The next tab gave us a pleasant surprise by providing video card overclocking settings. This type of tweakability is very rare with motherboard tools and users should love the ability to overclock a GPU without installing extra programs like RivaTuner. The Smart tab includes the C.I.A.2 feature and SmartFan. SmartFan is a fan speed controller; however we could not test this since we are watercooled and didn’t use any fans powered from motherboard headers. C.I.A.2. stands for CPU Intelligent Accelerator and provides the ability for novice overclockers to do slight overclocks with the click of a button. Our experience with this feature was mostly negative since Turbo and Full Thrust both led to Windows freezing. Upon rebooting it was necessary to disable this feature in the BIOS to reload Windows.


The last tab in EasyTuner6 is the hardware monitor. Here you can see CPU, RAM, 3.3v, and 12v, voltages as well as temperatures for the CPU and system. Similar to the BIOS settings, there are also safeguards that can be setup to ensure temperatures remain in check.

Overall we think this tool has just about everything we would ever need. Instead of using many individual programs such as SetFSB, RivaTuner, CPUZ, etc, Gigabtye provides everything in one very handy tool!
 
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Eldonko

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A Closer Look at the Gigabyte EP45-DS3R


A Closer Look at the Gigabyte EP45-DS3R




The layout, color scheme, and design of the Gigabyte EP45-DS3R are common of most recent Gigabyte boards with a number of colors around the board. The SATA ports and cables are orange, the IDE connector is similar to a lime green, the heatsinks are gold, the PCIE slots are blue and a peach color, and the PCI slots are white. The PCB is dark blue with yellow and dark orange slots for memory. Quite a variety! It sounds like a big mess, but all-in-all the board is not that bad looking.


Starting at the top right of the board, we see the 12v connector and socket 775 CPU slot. Both are in rather typical spots and we don’t see any clearance issues with aftermarket heatsinks or water blocks. Moving down the right side we have the PLL clock generator IC (ICS 9LPRS914EKLF). PLL clock generator ICs make use of external clock signals and output a clock signal that can then be used as the main clock signal to another chip.



Next up, on the bottom right corner, are the multi-gear power phase design LEDs. When the CPU workload is light or at idle, the Dynamic Energy Saver downshifts gears and only allows the minimum required power phases needed to accomplish the task to operate. As each gear is activated, a color-coded LED representing each gear lights up; giving six LEDs in total.

Moving across the bottom of the board we see the 24pin connector and the RAM slots. Both the RAM slots and the 24 pin connector's locations should allow for plenty of clearance for large CPU coolers.


The Northbridge cooler is a gold color and is located above the RAM slots and in between the CPU and the first PCI-E slot. Nothing fancy here, but it does the job for the cool-running P45 chipset. The Northbridge and Southbridge coolers are attached to the board using a simple plastic clip system, similar to many other boards. To remove the clip, a set of needle nosed pliers does the trick nicely.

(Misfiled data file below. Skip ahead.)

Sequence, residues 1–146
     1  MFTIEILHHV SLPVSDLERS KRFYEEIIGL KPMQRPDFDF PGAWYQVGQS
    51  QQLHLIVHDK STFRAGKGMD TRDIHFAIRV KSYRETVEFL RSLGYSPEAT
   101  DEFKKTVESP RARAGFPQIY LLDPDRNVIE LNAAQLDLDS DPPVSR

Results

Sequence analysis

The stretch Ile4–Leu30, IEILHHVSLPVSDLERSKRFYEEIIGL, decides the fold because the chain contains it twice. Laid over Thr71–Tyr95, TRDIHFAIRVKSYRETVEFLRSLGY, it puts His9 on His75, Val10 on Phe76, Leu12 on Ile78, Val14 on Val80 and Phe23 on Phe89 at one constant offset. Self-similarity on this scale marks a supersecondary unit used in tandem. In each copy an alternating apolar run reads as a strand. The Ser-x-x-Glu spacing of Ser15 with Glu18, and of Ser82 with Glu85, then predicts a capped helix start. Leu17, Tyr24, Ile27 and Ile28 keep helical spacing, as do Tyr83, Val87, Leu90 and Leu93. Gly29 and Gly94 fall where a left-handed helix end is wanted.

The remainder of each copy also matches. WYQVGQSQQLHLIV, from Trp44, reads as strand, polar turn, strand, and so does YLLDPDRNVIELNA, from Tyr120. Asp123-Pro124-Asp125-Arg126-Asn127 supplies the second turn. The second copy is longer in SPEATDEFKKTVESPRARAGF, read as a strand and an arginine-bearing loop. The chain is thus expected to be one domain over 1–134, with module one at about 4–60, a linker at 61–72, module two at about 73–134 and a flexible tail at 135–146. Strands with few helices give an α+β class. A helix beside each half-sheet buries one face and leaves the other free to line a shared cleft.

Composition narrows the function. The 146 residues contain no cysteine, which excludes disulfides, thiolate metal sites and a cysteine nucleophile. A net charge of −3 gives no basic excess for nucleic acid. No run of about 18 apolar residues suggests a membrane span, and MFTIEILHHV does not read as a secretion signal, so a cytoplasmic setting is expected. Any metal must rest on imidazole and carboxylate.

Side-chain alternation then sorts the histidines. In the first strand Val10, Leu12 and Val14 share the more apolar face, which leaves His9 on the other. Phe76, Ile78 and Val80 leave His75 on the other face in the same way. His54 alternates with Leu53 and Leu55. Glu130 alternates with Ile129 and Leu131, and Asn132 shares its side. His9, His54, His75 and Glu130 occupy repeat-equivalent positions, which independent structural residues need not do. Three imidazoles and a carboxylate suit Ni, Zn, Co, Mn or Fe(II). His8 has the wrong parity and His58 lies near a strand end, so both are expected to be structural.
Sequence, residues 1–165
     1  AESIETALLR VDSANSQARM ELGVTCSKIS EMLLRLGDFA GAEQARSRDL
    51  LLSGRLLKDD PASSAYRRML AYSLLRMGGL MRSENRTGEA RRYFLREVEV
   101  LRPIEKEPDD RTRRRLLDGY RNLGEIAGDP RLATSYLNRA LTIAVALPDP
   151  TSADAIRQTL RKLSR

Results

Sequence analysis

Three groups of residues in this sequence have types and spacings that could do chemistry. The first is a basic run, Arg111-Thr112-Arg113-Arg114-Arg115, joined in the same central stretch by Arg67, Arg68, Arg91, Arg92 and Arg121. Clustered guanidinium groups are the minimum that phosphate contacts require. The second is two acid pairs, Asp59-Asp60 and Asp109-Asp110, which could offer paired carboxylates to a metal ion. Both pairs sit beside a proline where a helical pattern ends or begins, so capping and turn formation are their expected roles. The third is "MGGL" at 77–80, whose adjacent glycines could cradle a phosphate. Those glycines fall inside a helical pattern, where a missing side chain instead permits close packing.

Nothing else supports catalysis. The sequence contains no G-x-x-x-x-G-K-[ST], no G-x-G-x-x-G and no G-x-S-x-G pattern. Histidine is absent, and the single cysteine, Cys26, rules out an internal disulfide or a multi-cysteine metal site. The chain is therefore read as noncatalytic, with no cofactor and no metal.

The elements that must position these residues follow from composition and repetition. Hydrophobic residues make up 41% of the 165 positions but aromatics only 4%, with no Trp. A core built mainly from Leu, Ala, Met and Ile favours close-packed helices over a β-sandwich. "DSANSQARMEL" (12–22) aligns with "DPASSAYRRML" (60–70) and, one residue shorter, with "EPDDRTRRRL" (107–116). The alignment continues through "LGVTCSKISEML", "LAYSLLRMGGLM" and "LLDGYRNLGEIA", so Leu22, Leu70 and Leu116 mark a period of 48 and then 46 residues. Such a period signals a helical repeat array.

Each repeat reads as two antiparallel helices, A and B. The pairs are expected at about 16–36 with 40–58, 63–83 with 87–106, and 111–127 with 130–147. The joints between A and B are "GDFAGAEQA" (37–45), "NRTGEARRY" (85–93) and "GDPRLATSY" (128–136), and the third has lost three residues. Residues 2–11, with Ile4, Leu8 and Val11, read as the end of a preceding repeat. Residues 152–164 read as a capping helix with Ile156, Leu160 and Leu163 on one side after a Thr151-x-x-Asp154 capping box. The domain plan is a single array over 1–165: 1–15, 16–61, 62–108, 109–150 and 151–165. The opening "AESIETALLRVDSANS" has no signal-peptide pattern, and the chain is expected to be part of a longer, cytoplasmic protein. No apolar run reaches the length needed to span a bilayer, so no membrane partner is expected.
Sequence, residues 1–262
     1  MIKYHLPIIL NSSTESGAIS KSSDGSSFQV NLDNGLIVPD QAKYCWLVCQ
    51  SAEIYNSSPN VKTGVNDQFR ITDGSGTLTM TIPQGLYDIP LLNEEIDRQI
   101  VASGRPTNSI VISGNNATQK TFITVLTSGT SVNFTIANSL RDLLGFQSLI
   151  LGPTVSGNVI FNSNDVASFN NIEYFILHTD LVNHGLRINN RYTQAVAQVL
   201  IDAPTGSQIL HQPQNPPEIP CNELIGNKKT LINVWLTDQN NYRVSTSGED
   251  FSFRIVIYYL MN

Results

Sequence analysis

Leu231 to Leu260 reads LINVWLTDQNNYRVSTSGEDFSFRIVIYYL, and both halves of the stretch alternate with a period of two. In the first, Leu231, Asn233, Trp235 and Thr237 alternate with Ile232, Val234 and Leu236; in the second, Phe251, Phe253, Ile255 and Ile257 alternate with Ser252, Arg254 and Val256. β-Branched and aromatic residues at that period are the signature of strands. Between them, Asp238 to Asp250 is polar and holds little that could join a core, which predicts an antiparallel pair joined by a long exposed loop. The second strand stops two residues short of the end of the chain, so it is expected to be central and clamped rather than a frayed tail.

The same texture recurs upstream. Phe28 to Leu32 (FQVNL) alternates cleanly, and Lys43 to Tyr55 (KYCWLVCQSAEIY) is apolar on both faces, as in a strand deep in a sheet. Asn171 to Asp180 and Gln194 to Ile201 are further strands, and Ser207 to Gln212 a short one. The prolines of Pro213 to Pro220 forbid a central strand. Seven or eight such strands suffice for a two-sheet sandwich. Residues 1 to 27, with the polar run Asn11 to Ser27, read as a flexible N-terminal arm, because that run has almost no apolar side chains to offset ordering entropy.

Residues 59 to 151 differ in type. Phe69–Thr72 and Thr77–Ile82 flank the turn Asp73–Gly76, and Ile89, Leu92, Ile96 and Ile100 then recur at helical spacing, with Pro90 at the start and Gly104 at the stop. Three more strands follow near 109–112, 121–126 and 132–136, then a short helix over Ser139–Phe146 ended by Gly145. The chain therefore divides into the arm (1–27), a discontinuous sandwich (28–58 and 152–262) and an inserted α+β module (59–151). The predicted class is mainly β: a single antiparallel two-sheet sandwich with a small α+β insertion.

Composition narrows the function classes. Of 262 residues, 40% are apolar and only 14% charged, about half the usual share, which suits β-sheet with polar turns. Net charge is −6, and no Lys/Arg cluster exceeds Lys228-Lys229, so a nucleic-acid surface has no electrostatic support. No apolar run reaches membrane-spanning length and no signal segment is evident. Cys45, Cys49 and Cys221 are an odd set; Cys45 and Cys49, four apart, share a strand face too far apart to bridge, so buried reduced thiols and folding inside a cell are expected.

The Southbridge cooler is a similar design to the Northbridge, with a polished gold color. Looking under the Northbridge cooler we find the Intel P45 chipset. The TIM was very hard and had to be cleaned and reapplied after removing the cooler.


Next to the IDE connector, we see the J Micron JMB368 chip. This is a 1-lane PCI Express to 1-port PATA Host Controller. The JMB368 chip also provides Legacy IDE support. Moving to the corner of the board we have six SATA ports which are a light orange color to match the included SATA cables.


We don’t usually include a shot of USB and 1394 connectors but there is a reason to on this board. Each of the USB and 1394 connectors have text at the bottom showing which plug goes where. This is nice as users would not have to consult the manual to see where the USB or 1394 connectors are located.

Moving up to the top left corner of the board, the pcb is marked with the board revision. In our case the board is a Rev 1.0. Later revisions usually come out after a little time and include very slight modifications or bug fixes.


In the same area, we see the ITE I/O controller chip. The ITE IT8718F chip provides the most commonly used legacy Super I/O functionality plus the latest Environment Control initiatives such as H/W Monitor and Fan Speed Controller. Also in this area are a series of smaller capacitors, the audio chip, and SPDIF input and output. The caps all over the DS3R are all solid. Soilid caps are said to be of higher quality and more durable than the older electrolytic style capacitors which have often been a source of trouble on older electronics.


The Realtek ALC889A chip runs the sound on the EP45-DS3R. The ALC889 codec is a high-performance multi-channel High Definition Audio Codec with Realtek proprietary loss-less content protection technology. This protects pre-recorded content while still allowing full-rate audio enjoyment from DVD audio, Blu-ray DVD, or HD DVD discs. The ALC889 provides ten DAC channels that simultaneously support 7.1 sound playback, plus 2 channels of independent stereo sound output (multiple streaming) through the front panel stereo outputs.

Nearby, between the PCI-E slots we have the motherboard CMOS battery. Since the CMOS is used as a form of non-volatile memory, it needs power supplied to it in order to maintain the data that is stored in it. The CMOS battery is that power source.